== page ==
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Game-Changing Marriage and Money Insights

Game-Changing Marriage and Money Insights

Jeff and Shaunti Feldhahn describe how couples can avoid tension and conflict over money by communicating about it regularly, openly, and honestly. Our guests highlight several helpful practices for building financial unity, like establishing common values, overcoming money fears, and avoiding 'knee-jerk' reactions.
Original Air Date: September 23, 2020

Jim Daly: Hi, I’m Jim Daly. Before we start the broadcast today, I want to remind everyone about our special, pro-life, digital premier, See Life 2020 coming up this Saturday, September 26th at 8:00 p.m., eastern time. You can watch it on the Focus on the Family Facebook page or other digitals outlets. Again, that’s at 8:00 p.m. this Saturday. And as many of you will remember, we were in Times Square last year for a huge pro-life event and we plan to show everyone a live, 4D ultrasound of a baby. And people tried to stop us. The owners of the jumbotrons in Times Square wouldn’t lease us the space, so we brought in our own screens and when everyone saw the video of a live baby in the womb, it was a divine moment. People were silent. The protestors dropped their jaws and their signs. Many had never seen this before – the miracle of life. Well, God is continuing to bless our efforts to promote See Life 2020 this year. We’ve been running a video spot called “Will I?” on Fox News. It’s about a pre-born child contemplating her future. This powerful spot will air on Chris Cuomo’s show on CNN tomorrow night. That’s right – CNN. Now, CNN isn’t friendly to the pro-life message, but thanks to the generosity of some Focus on the Family friends, we’ll be showing the world how much God values precious, pre-born life right there on CNN. Can I ask you to pray for the people who will see that spot? In fact, if you haven’t seen it, check it out on my blog. And then, finally, please plan to join us on Saturday night, September 26th, at 8:00 p.m., eastern, for See Life 2020.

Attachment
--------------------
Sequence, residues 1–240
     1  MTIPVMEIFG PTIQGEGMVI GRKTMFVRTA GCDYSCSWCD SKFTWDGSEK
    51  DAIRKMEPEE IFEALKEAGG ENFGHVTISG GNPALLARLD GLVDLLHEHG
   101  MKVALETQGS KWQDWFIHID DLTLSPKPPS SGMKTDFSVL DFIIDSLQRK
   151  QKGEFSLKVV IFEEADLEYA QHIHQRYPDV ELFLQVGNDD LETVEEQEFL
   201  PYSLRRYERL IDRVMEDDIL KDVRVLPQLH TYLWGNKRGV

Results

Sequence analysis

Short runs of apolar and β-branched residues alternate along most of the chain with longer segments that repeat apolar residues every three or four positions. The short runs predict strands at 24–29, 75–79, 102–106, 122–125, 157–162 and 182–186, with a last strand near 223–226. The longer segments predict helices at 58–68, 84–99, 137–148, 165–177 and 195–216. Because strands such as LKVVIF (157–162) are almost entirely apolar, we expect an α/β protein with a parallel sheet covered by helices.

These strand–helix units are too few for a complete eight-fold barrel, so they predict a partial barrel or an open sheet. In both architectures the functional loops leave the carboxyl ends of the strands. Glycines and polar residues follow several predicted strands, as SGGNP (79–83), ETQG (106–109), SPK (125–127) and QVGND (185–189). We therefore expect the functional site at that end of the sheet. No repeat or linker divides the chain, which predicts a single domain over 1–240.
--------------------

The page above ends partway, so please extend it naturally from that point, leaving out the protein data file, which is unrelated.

Woman #1: For the most part, I believe that I handle my money well.

Man #1: Do I handle my money well? In a word, no (laughter).

Woman #2: No, I don’t have the money very well (laughter). I have a spending problem, so I have to try and manage my money well. I’m learning to do that.

Man #2: Money tends to be slippery. It goes places. And I don’t realize it’s leaking and going places.

Woman #3: I just kind of write checks until he puts a little Post-it note on my checkbook that says, “Stop spending money.” (Laughter) And then I stop.

End of Teaser

John Fuller: (Laughter) Well, maybe those comments reflect some of the challenges going on in your marriage and home. And it is funny to laugh about our differences. But what if your spouse handles money in a way that drives you crazy? Today on Focus on the Family, we’re going to explore how husbands and wives navigate financial issues and what kind of impact that has on your marriage. Your host is Focus president and author, Jim Daly. And I’m John Fuller.

Jim: John, I think those giggles were kind of nervous giggles, don’t you think? When you talk about the issue of money, it can bring up some nerves because it’s not handled that well by many. It’s one of the top two things we talk about. Intimacy in marriage and money in marriage are kind of the two biggest issues people face. And, man, we are going to get into that today and talk about how you can manage it better and honor the Lord in the way you manage it. We know that finances are important and that we need to talk about it. But there can be that angst and tension whenever the topic comes up and maybe you feel defensive about it and it ends up in an argument or you’d rather avoid getting into that argument, so you just don’t say anything. That’s what we’re talking about. And, uh, trust me, I think many of us have been there at some point or another. Um, I know it’s been the experience of our guests today and that’s why they’re here. They’ve written a book about it, much of it from their own experience, which is always good. So, I think what they’re trying to say is, “We’re not perfect, but we’ve learned some things.”